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'Thor': God of Awful
Glenn Kenny, Special to MSN Movies

"Thor," the new Marvel superhero movie that boasts a more conventionally impressive pedigree than your average Marvel superhero movie on account of having been directed by Shakespeare guy Kenneth Branagh, is a confusing motion picture. Not because its plot is inordinately Byzantine; no, the story, by the comic book-experienced J. Michael Straczynski and Mark Protosevich, expanded into a screenplay by Ashley Edward Miller, Zack Stentz and Don Payne, is straightforward enough. It blends both mythic and sci-fi varieties of hoo-ha, chronicling the origin, such as it is, of Thor as Norse god and contemporary action hero. No, "Thor" is confusing because it's been getting reasonably favorable word of mouth despite the fact that it's as thoroughly a mediocre superhero movie as you'd care to imagine.

No, really, it is. And I'm not an anti-comic-book-movie person. Heck, I'm not even an anti-comic-book person. Read quite a few issues of "Thor" the comic book back in the day. Always considered it a trifle goofier than my other fave Marvels, which were "The Fantastic Four," "The Amazing Spider-Man," "Doctor Strange" and, sure, "The Eternals" and the Steve Gerber run of "Howard the Duck." Despite all the arcane "thee"s and "thous" and the overused plot device of always making Thor decide whether he was gonna save the universe or revert to his earthbound alter ego of Dr. Donald Blake in order to perform an operation to save the sight of a blind young woman (the Thing's sculptress girlfriend, I think it was, maybe more than once), it had its moments (particularly when the distinctive artist Walt Simonson took over the books in the '80s). And then I had sex for the first time, and I kind of stopped following comics, not out of a put-away-childish-things compulsion -- no, really -- but more of a time-management issue. In any event, the prospect of a motion picture version of "Thor" didn't seem like anathema to me, not in the way that the idea of a "Fantastic Four" movie did right off the bat; I just knew that there was no way any film version could approximate the beauty of Joe Sinnott's inking of Jack Kirby's rocky Ben Grimm.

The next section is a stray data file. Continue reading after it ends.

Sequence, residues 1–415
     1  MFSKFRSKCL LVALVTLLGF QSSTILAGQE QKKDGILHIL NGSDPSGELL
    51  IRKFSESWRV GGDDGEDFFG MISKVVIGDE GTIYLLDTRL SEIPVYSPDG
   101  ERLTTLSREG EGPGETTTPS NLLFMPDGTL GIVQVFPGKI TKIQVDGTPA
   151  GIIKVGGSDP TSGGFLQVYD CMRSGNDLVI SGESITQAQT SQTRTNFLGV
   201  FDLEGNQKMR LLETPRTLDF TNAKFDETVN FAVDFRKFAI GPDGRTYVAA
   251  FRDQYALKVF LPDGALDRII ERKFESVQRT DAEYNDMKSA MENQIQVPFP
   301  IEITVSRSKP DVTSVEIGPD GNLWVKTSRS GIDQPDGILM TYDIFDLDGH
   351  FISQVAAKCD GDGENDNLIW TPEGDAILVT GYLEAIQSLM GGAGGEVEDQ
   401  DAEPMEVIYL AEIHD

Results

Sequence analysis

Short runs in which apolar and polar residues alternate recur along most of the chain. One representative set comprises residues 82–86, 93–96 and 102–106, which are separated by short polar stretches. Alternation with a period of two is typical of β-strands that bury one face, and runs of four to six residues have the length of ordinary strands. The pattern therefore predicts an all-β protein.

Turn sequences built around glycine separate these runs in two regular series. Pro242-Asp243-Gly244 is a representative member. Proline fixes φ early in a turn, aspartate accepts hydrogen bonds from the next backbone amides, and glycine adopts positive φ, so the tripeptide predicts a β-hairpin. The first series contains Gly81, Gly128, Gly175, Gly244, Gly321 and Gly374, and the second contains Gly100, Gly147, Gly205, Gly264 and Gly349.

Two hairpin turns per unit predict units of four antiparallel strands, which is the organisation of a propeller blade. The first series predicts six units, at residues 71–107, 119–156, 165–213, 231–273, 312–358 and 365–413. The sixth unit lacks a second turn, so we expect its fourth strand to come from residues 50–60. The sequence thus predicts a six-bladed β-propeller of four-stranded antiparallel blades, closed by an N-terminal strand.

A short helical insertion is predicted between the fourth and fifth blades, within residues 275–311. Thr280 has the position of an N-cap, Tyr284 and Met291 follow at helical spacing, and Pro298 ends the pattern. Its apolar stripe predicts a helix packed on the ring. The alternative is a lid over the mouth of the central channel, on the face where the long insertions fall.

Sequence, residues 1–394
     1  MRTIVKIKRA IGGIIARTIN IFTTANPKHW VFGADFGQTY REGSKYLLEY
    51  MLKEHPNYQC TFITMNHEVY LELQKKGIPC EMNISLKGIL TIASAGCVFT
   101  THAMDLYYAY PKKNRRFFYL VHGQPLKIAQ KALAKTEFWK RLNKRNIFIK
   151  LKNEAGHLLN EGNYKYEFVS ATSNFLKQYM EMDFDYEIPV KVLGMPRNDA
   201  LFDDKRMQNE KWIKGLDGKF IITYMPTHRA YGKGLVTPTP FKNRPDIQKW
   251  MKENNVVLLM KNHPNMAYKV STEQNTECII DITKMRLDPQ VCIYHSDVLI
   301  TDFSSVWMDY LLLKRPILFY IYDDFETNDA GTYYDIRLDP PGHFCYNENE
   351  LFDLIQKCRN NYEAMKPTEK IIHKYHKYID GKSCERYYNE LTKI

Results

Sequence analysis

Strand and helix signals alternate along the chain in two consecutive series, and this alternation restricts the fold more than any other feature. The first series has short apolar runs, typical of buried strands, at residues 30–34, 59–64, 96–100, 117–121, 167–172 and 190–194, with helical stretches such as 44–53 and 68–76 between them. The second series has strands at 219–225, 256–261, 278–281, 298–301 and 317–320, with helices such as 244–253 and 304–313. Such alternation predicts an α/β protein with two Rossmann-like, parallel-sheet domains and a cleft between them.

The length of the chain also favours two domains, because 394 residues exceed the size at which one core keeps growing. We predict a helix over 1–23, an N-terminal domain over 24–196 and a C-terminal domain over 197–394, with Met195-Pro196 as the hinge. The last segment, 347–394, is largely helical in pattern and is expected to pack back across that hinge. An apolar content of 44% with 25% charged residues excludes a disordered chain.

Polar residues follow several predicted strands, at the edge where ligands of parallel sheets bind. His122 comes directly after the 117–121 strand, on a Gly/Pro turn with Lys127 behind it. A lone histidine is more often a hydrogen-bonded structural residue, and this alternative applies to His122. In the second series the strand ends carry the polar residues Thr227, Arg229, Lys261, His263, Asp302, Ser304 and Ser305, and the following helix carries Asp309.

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Search: See photos of Chris Hemsworth | See photos of Natalie Portman

In the movie world of "Thor," the mythic kingdom of Asgard looks like a nightmare Maxfield Parrish-on-meth vision. Wise one-eyed Odin (Anthony Hopkins, phoning it in, from his agent's office) squires two young sons, one blond and wide-eyed, the other black-haired and introverted; and those sons grow up to be pro wrestler Chris Jericho and goth-rock combo Bauhaus frontman Peter Murphy. OK, OK, Aussie hunk Chris Hemsworth as Thor and other dude Tom Hiddleston as Loki, dude of mischief. On the eve of his coronation as Asgard's new king, the grown-up Thor decides on a unilateral assault on the villainous Frost Giants. Dad gets ticked and exiles Thor to another world, separating him from his Shake Weight -- I mean, mystic power hammer -- for good measure. Loki learns a terrible, sort of, secret about himself, which motivates some evil machinations. And Odin is so traumatized he falls into the Odinsleep, which is the Norse mythology term for Coma-that-conveniently-ends-just-at-the-moment-a-deus-ex-machina-or-just-literal-deus-is-called-for.

The Thunder God-in-banishment stuff plays like "The Man Who Fell to Earth," only dumb, with Thor running around breaking stuff and charming an astrophysicist played by Natalie Portman and befuddling her boss, who's played by Stellan Skarsgård, so of course his character knows all about Norse mythology. Soon some of Thor's multiracial warrior playmates descend from Asgard to help our hero, and are followed by an admittedly neat robot killer called a Destroyer, and at this point the movie picks up a little, playing kind of like a "Superman II" except Zod and Co. are the good guys, crossed with "The Day the Earth Stood Still," only, you guessed it, dumb.

Add to this some plot stitching to set up the upcoming multi-superhero spectacular "The Avengers" (blink and you'll miss Jeremy Renner's Hawkeye cameo, unless you're a Comic Con regular, in which case you might spontaneously orgasm at it), and you've got ... well, actually, the "Avengers" setup stuff, right up to the after-the-end-credits "teaser" featuring Samuel L. Jackson, is some of the most relatively (and I can't stress that "relatively" enough) engaging material in the movie. Indeed, it's not entirely irrational to look at "Thor," all 114 minutes of it, as the longest trailer for another film ever made.

Glenn Kenny is chief film critic for MSN Movies. He was the chief film critic for Premiere magazine from 1998 to 2007. He contributes to various publications and websites, and blogs at http://somecamerunning.typepad.com. He lives in Brooklyn.